The Body Beautiful

Movies about medical students are either sensitive (the unattractively-titled but sweet GROSS ANATOMY) or vulgar (nameless hordes of t&a US comedies), but they always end up straying into some hinterland of conflicted response at some point, due to the strange nature of medicine and the peculiarities involved in acquiring knowledge of it.

MISS SUSIE SLAGLE’S is a very obscure ’40s drama set in a boarding house for aspirant doctors, run by Lillian Gish. Miss Susie is of course an ANGEL (Gish enters ablaze with backlight, so we know this, but the casting is already a heavy hint), but she does run a household stocked with skeletons, and the above Varga pin-up on the bathroom ceiling. Like I said, weird.

The film is noteworthy for being directed by the soon-to-be blacklisted John Berry, who does a nice, discrete job, benefitting from Charles Lang’s dramatic cinematography. Berry is one of the unfortunate ones whose career was just getting going, whose style was just emerging, and whose loss to the American cinema can’t really be accurately estimated.

The other noteworthy thing is Veronica Lake, top-billed despite quite a small role in what is very much an ensemble piece (Sonny Tufts gets the most screen time — regrettably, perhaps, but he’s not bad here). Lake is minus her trademark peekaboo curl, sacrificed to the war effort, but proves, in her few scenes, that she was more than just that gimmick. I suspect the prominent credit/small role reflects  confusion at Paramount as to what to do with her — they paired her with Alan Ladd again, stuck her in a western (a good one, RAMROD, but westerns are often the sign of a female star on the slide), and had her play in the English-language version of STRONGHOLD while Sarita Montiel took the role in the Spanish-language version. It feels like there was a lack of confidence in her.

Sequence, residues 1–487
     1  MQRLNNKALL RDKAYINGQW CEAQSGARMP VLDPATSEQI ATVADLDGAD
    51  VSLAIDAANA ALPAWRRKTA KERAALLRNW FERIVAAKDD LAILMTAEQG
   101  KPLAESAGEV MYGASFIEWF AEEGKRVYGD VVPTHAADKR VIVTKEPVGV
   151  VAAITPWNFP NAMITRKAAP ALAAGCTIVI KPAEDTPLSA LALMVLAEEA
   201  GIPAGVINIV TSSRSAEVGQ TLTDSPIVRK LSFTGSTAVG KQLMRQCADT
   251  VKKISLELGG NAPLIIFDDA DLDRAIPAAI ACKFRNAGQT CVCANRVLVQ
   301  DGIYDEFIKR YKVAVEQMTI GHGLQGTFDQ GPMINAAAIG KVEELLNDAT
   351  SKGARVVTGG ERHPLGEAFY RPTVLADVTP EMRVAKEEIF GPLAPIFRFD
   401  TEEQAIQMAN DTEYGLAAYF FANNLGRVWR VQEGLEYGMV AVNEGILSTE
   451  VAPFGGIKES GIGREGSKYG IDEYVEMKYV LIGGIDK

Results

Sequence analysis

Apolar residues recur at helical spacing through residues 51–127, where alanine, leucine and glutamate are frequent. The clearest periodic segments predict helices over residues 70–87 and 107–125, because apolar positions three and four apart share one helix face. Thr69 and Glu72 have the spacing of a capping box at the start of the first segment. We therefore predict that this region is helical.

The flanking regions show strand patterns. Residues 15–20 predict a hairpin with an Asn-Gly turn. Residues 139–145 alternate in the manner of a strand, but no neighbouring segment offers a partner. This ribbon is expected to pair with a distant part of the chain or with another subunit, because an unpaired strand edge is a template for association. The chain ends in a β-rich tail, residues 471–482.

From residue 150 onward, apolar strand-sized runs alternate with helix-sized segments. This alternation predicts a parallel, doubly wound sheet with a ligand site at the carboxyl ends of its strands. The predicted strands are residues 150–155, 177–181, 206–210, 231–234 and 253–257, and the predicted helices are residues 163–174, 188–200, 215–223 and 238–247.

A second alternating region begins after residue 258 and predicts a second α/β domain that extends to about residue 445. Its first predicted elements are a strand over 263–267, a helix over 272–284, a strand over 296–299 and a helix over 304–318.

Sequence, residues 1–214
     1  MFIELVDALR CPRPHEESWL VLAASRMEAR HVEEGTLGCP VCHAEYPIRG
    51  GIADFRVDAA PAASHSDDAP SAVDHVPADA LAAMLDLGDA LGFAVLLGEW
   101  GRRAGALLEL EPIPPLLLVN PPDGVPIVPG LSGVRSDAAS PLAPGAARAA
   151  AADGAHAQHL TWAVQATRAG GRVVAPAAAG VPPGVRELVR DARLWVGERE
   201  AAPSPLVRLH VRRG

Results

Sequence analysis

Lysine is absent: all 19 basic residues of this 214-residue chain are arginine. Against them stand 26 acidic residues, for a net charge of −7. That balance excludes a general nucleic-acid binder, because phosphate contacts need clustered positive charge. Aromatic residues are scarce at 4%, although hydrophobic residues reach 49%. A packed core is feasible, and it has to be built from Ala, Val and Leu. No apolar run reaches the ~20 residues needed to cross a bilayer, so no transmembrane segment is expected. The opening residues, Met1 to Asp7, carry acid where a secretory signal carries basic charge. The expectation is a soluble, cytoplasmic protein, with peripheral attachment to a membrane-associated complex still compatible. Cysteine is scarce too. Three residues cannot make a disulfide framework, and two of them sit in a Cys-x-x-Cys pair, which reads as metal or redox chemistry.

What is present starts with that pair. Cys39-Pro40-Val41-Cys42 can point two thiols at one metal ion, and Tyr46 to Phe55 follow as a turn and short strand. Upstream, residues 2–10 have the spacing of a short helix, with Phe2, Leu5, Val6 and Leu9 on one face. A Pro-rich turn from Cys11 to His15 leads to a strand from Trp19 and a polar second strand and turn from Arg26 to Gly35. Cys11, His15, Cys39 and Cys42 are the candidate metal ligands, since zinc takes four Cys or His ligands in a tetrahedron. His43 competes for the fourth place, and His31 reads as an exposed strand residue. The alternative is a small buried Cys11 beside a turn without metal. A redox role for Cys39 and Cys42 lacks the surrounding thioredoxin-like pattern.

Here’s her first, and biggest, scene in MISS SUSIE SLAGLE’S, which I find quite affecting. I could have saved it for Christmas, but it doesn’t seem quite fair to hit you with a scene like this at such a vulnerable time ~

Amazing how effective a distant foghorn can be…

15 Responses to “The Body Beautiful”

  1. That’s a lovely scene, but I have to confess that I’ve never really “got” Veronica Lake. Maybe it’s that she never seems to do anything with her eyebrows… (Not that I tend to think of myself as being overly concerned with eyebrows in general.)

  2. David Boxwell Says:

    From this to THE BAD NEWS BEARS GO TO JAPAN and BOESMAN AND LENA via HE RAN ALL THE WAY (which is almost too painful to watch) and TAMANGO (and uncredited work on Ophuls’s CAUGHT): Berry had one helluva wayward career over more than half a century.

    One of my favorites of his is FROM THIS DAY FORWARD (46), where he even manages to get a badly miscast Joan Fontaine to “keep it real.” I also like TENSION, with Audrey Totter as one of the coldest of all film noir femme fatales.

  3. My favorite is Casbah, Berry’s musical version of Pepe le Moko with Tony Martin, Marta Toren, Yvonne de Carlo, Peter Lorre (again) and a great Harold Arlen score that incudes “Hooray For Love” and the exquisite “It Was Written in the Stars.”

  4. Berry, interestingly, claimed that there was no sign that John Garfield was dying during He Ran All the Way. So you may be able to watch that performance with less of an inward wince: he’s acting.

    I’m looking forward to seeing all those films, having only seen Tamango.

    Lake’s eyebrows express volumes to me — skeptically arched through a lot of Sullivan’s Travels… She was the first ’40s actress I fell for, and although I think there are other, more important and compelling stars, she still hits me the same way.

  5. Of course, with her trademark ‘do, Lake had only one eyebrow to play with.

  6. Christopher Says:

    LOL..gee I’m sorry,but GOODBYE!
    nice, cozy..christmasy..

  7. Her voice is so beautiful.

  8. I find that bathroom ceiling mural to be very creepy.

  9. Christopher Says:

    poor little elize..we see her as she really is.

  10. Yeah, can’t imagine enjoying a bath with Elize smiling down at me. Maybe if I was Clive Barker…

  11. Well, Gross Anatomy often got shown on UK television under the more attractive (yet still punning) title of A Cut Above!

    And on the sensitive or vulgar poles, I guess Flatliners falls under the vulgar?

  12. It leans a little more that way, yes.

    I don’t know if this is true, but somebody once told me that the reason they stole the red mac kid from Don’t Look Now… was that “They tried a different look and it didn’t work.” I love that. They tried one other look, and then they were FORCED to steal the red mac because clearly a different look just wouldn’t work. High Hollywood Dumbness.

  13. What was their excuse for stealing Donald Sutherland’s son?

  14. Heh. Well, they only borrowed him.

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